“That’s Not True?!” – 3 Lies About the Economy We Repeat Every Day

Lies about the economy have been repeated so much they’ve begun to look true.

Textbooks will tell our great-grandkids that we lived in the “Information Age,” a time where the internet told us whatever we needed to know with the click of a button. But  in recent years it’s become clear that the term “Misinformation Age” might be more accurate. Mass media enables us to share knowledge at lightening speed, but it also lets lies spread from one corner of the globe to another in mere hours. With so much information floating around out there, it’s almost impossible to tell which factoids are true, and which ones are purely made up, especially when it comes to hot-button issues like the economy.

Don’t believe me? I’m going to tell you three statements, and I want you to think very carefully and decide in your head which one is a lie. Once you’ve got a good idea, scroll down a little and see if you’re right…

  • Most of what Americans spend their money on is made in China.
  • China owns most of the our debt.
  • Most of our oil is imported from the Middle East.

Got your mind made up? It’s a tough choice, isn’t it? For starters, all of those facts seem to be correct. We’ve seen them bumped around the news constantly, and in discussions around the water cooler and kitchen table they’re simply accepted axioms of argumentation. But do a little digging and you’ll find that, in fact, all three of the statements you just read were lies!

Surprised? Let me prove it to you.

Is most of what Americans spend their money on made in China?
Republicans and Democrats alike seem to agree that most of what we buy in the US comes from China. But, in reality, just 2.7% of personal expenditures in the US are made on Chinese-produced goods. “But wait, just about everything I see in Wal-Mart says ‘Made in China’ on the bottom!” you say? While that may be true, Wal-Mart is just a $260 billion fish in a $14.3 trillion economic ocean – a drop in the bucket relative to the economy as a whole.

(If you’re still not convinced, you can check out the BLS’s annual Consumer Expenditure Survey, which tracks this kind of stuff.)

Does China own most of our debt?
I’ve been talking to my friends about this little bit of misinformation for years. While politicians in Washington (including some Republicans) warn us that the Chinese could cash in their bonds at any time and bankrupt our nation, keep in mind that the Chinese government does not own most of our sovereign debt.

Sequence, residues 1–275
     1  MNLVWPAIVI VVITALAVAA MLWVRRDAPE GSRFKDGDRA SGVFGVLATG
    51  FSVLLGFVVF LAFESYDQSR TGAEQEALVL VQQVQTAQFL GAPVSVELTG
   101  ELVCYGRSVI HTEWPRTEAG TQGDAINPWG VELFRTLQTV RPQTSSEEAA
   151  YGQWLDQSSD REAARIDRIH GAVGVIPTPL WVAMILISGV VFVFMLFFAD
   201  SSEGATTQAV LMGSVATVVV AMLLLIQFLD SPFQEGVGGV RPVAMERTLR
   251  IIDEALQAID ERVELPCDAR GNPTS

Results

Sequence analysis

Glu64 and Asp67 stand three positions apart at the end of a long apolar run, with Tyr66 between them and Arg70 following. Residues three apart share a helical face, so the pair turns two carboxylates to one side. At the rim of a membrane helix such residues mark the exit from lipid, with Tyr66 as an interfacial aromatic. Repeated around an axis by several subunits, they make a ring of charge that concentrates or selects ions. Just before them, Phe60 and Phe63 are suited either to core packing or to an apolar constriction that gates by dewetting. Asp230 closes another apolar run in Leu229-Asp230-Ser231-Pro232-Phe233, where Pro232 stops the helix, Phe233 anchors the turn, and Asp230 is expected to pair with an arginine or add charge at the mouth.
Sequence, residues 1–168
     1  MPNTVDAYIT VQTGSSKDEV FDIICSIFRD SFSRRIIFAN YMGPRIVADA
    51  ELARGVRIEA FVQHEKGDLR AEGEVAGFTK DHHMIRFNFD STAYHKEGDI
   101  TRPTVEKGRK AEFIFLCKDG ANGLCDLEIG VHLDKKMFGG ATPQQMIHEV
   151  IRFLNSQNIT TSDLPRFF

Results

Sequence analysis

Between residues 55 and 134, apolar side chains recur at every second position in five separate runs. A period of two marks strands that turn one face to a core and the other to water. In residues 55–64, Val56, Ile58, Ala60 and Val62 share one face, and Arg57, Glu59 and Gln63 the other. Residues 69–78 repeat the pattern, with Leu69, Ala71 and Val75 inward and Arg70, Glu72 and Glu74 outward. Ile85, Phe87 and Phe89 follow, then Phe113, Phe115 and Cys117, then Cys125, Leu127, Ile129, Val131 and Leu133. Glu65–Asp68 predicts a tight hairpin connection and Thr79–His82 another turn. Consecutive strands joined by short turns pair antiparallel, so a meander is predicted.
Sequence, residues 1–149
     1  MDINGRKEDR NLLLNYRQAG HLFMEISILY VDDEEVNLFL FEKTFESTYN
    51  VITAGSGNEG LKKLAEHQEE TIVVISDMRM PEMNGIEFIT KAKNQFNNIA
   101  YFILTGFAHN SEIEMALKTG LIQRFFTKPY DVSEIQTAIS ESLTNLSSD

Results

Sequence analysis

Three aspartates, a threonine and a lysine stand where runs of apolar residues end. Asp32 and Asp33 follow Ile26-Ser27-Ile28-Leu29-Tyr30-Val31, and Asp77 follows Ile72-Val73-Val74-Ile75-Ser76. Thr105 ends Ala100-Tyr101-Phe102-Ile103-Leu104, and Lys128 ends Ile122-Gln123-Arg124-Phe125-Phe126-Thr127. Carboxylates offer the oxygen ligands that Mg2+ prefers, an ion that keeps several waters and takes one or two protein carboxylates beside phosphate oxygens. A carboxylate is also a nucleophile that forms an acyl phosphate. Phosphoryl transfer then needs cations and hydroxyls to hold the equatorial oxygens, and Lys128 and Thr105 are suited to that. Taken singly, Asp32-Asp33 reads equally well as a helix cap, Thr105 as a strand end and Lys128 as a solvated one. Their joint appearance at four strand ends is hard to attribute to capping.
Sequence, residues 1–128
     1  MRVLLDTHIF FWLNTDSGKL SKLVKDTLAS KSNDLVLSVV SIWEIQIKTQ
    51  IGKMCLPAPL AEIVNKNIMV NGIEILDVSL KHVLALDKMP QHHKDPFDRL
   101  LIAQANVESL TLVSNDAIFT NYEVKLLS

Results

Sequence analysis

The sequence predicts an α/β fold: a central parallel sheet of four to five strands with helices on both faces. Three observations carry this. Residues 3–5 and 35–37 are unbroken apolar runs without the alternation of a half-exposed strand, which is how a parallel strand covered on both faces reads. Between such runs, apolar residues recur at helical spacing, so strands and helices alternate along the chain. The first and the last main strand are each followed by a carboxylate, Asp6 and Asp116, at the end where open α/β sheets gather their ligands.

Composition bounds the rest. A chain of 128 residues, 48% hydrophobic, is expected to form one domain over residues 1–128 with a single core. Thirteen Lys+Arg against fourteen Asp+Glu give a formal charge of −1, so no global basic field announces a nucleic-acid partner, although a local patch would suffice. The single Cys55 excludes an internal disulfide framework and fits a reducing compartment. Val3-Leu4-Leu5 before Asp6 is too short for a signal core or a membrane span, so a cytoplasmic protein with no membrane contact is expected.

Who does? You do! That’s right, Americans, not the Chinese, own most of our debt. Government trust funds hold over $5 trillion, and states hold another $600 billion. The rest goes to foreign countries. According to the US Treasury, while China is the biggest foreign holder of US debt (with $1.14 trillion), it’s followed closely by Japan ($937 billion) and the UK ($397 billion).

Is most of our oil imported from the Middle East?
If the vicious fight over the Keystone XL pipeline told you anything, you’d know that we get a lot of oil from other regions besides the Middle East. But isn’t that where most of our oil comes from? Nope. Slightly less than half of all US oil is produced domestically (which is why slashing drilling regulations would help reduce the odds of $5-per-gallon gas this summer). Of the oil we import, only about 10% comes from the Middle East. Twice as much is imported from Mexico and Canada. So, actually, most of the oil we consume comes from friendly North America, which is a welcome relief.

Did you learn something from all this? I hope you did – specifically, don’t believe everything you hear, especially when it comes to the economy. Whether you see good or bad news coming out, ask yourself “Do the facts support what the media is telling me?” Failure to question makes us all vulnerable to manipulation and deception – and in an election with stakes as high as this one, deceived voters are the last things we need!

For those of you who are interested, I wanted to give a big hat-tip to this site called The Motley Fool for a lot of the information in this article. On my first visit to their blog I was immediately impressed by the content. If you’re interested in investing or the economy (or just proving people wrong all the time), you should definitely check it out!

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Posted in The Modern Conservative

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